I have been learning to garden for the last 8 or so years. I started with a small raised box and have now migrated to a fenced in area with four raised beds, three open in ground areas and a few pots of herbs. I am not great at it, but have learned a few things over the years and continue to experiment and try new things.
It brings me so much joy to see my kids eat stuff off the plant and also when I hear them telling neighbor kids about our arugula plants – something a lot of adults don’t even know about! Learning where food comes from, how it is grown and taking care of it, are valuable lessons for children.
Is starting to grow your own food part of your wellness journey? It’s not too late to get some summer plants in the ground or maybe start thinking about fall plants. Today, I am going to share some things that helped me when I was first starting out.
Two overall lessons learned from my early days:
- Need to pay attention to the time of year to plant things. Most seed packets give you direction.
- Some things are better to start from seed in your home earlier before the planting season or as a starter plant. Doing as a seed in the ground when the appropriate season has arrived will not leave enough time for the produce to grow.
Let me dive in a bit further.
What you plant and when will depend on the area of the country you live in, but for us in the midwest we have a Spring/Fall season that I usually plant in April and September. And then a Summer season that I usually plant around Mother’s Day.
Here is a summary of what we plant and what season:
|Spring / Fall||Summer|
|Leaf Lettuce||Green Beans|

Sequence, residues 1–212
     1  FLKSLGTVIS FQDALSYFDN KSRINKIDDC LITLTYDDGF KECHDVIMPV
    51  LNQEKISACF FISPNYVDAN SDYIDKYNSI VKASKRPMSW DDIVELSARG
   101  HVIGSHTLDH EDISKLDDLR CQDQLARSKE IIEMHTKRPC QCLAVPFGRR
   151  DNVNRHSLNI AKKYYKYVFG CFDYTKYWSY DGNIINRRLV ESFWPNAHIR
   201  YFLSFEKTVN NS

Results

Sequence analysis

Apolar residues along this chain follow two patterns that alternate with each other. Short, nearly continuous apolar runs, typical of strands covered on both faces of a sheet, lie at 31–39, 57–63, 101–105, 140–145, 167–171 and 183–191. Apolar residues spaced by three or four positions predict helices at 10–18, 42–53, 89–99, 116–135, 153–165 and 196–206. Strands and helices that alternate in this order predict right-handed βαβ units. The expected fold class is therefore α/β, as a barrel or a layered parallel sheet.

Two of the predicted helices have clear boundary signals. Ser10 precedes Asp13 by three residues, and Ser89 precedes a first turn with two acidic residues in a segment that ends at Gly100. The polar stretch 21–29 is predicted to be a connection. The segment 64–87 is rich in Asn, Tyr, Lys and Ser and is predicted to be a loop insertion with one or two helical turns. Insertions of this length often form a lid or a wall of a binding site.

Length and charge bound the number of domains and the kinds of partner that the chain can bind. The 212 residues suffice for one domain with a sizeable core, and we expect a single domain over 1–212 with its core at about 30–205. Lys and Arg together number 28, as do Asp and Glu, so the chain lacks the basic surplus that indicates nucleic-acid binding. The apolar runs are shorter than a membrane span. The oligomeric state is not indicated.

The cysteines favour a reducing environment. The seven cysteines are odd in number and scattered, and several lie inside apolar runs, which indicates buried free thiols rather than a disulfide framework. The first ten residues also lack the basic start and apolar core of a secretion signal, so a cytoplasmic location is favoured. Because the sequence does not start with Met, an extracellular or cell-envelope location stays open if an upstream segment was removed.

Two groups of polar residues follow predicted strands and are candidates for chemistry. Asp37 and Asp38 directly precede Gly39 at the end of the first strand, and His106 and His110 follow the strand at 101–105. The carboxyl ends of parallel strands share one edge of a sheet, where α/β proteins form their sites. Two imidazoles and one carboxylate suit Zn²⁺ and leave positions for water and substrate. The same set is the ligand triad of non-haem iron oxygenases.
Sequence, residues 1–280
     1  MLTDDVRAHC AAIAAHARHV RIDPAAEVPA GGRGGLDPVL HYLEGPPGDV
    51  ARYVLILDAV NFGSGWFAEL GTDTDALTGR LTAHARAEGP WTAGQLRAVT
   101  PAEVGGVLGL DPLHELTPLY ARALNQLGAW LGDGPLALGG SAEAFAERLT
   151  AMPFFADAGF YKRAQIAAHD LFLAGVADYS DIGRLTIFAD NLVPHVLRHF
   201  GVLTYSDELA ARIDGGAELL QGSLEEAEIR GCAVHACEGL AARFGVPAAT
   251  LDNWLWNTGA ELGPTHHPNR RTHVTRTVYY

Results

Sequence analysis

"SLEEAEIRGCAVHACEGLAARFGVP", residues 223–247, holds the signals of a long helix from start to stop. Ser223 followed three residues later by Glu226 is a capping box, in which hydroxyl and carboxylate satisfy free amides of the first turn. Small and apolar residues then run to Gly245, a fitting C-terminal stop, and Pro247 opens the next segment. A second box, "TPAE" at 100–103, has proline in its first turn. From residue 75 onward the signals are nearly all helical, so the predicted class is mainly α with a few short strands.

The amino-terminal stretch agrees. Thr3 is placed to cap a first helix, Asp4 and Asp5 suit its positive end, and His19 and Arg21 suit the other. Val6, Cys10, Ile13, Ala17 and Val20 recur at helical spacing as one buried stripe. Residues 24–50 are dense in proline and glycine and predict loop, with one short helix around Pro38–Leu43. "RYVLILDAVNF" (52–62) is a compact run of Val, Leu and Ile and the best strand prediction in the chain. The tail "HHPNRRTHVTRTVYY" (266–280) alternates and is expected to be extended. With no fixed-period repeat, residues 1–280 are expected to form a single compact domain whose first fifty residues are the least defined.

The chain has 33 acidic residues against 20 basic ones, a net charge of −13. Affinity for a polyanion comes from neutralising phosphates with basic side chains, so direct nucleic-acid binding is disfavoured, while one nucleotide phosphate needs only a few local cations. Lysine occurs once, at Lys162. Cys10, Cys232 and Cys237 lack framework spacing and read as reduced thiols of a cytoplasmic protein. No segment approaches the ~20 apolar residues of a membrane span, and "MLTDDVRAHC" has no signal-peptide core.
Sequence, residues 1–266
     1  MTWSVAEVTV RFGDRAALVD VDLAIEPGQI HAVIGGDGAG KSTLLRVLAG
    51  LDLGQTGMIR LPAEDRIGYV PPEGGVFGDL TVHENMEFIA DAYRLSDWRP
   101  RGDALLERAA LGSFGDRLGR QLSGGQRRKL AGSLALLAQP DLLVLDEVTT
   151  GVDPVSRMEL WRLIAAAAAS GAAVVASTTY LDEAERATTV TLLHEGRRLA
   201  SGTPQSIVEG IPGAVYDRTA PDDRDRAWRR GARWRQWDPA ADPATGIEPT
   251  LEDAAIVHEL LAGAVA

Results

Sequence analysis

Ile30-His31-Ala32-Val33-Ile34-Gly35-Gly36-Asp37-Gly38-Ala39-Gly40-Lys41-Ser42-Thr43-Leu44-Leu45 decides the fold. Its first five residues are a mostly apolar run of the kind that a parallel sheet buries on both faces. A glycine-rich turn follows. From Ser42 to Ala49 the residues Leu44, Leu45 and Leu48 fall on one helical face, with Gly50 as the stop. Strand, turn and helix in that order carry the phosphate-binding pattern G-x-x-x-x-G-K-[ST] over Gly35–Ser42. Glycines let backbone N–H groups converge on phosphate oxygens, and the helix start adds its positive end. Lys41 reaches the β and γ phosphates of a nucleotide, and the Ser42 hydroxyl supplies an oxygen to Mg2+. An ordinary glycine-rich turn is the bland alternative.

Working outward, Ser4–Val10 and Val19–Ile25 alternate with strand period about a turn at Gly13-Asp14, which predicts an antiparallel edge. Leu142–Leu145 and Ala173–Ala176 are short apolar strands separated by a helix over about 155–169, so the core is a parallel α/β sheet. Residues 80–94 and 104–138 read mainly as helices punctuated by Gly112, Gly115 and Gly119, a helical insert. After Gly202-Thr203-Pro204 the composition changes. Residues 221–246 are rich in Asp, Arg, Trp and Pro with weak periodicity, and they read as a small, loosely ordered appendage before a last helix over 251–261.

Here is what I recommend as far as planting from seed or a plant starter:
Again, if you want to do all seeds because that is definitely cheaper, you will likely need to start the ones in the plant column in your house. I have not done this yet but believe most people start this process a few months before it is ready to go on in the ground.
Things I haven’t been successful with:
- Brussel sprouts
Next on my list to try:
- Onion – regular size and green onions
- Sweet potatoes
Few additional tips and tricks:
- Mint and strawberries are best in their own designated box / pot. They will come back year after year and grow / spread.
- I use a row cover over my cruciferous veggies (broccoli, cauliflower, cabbage, kale). These items will get cabbage worms on them. I have not wanted to spray, although even organic versions of this produce at the store have likely been sprayed with an approved pesticide. The other option is to manually remove the worms – no thank you!
- Buy a cheap sprinkler and hook it up to a timer to help you be successful with watering.
- Buy a climbing trellis for your cucumbers and zucchini.
- Consider buying organic seeds and starter plants for the produce on the Dirty Dozen.
Do you have a garden? If so, I would love to hear your favorite things to plant?